Big players dominate the outside spending game. Crossroads (R) might be the single group most synonymous with outside spending, while Americans for Prosperity (R) is out-advertising just about everyone else combined right now. But the flow of money is also diffusing into smaller groups that just focus on one race or candidate, and there’s a bunch worth tracking this year.
— There are four top Senate races where at least one candidate has a personal super PAC. There are three in Alaska, two in North Carolina (one just formed to help Sen. Kay Hagan (D) withstand a deluge of outside money there), one in Louisiana, and a big pro-McConnell group in Kentucky. Kentuckians for Strong Leadership has already spent $1.1 million hammering Alison Lundergan Grimes (D) and expects to be the main source of GOP outside money in the Bluegrass State.
— A few have already popped up in the House, too. One challenger to cocaine-busted Rep. Trey Radel (R-FL) already has a million-dollar super PAC backing him up, and former GOP Rep. Richard Pombo is heading up a California Central Valley-focused group backing Reps. Jeff Denham (R) and David Valadao (R).
— With hundreds of thousands available instantly with one stroke of a pen, we can expect many more of these groups to form in the upcoming months. Especially in primaries and at the House level, where a dollar (or, say, a few hundred thousand) goes a longer way, the trend will continue to have important consequences.
The big players will remain important, but local efforts are set to play larger roles across the country in 2014.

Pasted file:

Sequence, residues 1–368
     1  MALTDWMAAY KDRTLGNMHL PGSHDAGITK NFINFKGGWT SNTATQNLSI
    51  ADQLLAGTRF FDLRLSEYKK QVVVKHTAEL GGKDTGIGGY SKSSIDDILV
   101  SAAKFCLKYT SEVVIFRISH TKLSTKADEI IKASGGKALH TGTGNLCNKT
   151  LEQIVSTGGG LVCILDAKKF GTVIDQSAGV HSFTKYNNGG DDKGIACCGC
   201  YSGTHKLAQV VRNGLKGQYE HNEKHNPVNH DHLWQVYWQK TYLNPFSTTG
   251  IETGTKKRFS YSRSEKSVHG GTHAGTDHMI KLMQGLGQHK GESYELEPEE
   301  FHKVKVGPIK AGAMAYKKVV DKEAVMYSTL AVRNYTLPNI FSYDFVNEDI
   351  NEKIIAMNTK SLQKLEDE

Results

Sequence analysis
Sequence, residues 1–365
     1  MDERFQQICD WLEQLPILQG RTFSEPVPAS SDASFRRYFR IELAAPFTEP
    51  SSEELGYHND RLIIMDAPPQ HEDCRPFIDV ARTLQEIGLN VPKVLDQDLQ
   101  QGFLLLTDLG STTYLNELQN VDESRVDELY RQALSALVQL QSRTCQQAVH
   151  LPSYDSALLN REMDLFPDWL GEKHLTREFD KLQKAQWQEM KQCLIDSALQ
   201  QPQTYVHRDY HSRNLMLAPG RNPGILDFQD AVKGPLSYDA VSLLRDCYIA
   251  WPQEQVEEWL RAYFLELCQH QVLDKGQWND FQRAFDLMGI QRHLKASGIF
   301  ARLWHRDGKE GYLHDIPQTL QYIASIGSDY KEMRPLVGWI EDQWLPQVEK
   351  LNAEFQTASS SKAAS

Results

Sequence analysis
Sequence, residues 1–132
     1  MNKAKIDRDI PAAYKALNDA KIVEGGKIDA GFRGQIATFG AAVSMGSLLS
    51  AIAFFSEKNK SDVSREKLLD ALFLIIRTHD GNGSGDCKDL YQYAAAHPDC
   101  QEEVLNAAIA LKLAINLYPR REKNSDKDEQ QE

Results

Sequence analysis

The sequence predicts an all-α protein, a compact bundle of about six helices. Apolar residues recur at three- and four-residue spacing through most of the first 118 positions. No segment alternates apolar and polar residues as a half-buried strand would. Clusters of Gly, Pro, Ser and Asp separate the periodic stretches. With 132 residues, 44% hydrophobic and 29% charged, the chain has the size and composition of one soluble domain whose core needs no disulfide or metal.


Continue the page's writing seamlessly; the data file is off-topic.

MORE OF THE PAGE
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"Senate Democrats on Thursday failed in their first attempt to save the state and local tax deduction, which helps many residents of California and other high-cost states reduce their federal income tax bills. The Republican-controlled Senate voted 52-47 to reject an amendment that would have prevented the Senate from considering any bill that repeals or limits the deduction as part of a planned tax overhaul."
"A shake-up is underway at the Democratic National Committee as several key longtime officials have lost their posts, exposing a still-raw rift in the party and igniting anger among those in its progressive wing who see retaliation for their opposition to DNC Chairman Tom Perez. The ousters come ahead of the DNC's first meeting, in Las Vegas, Nevada, since Perez took over as chairman with a pledge this year to unite a party that had become badly divided during the brutal Bernie Sanders-Hillary Clinton 2016 primary race."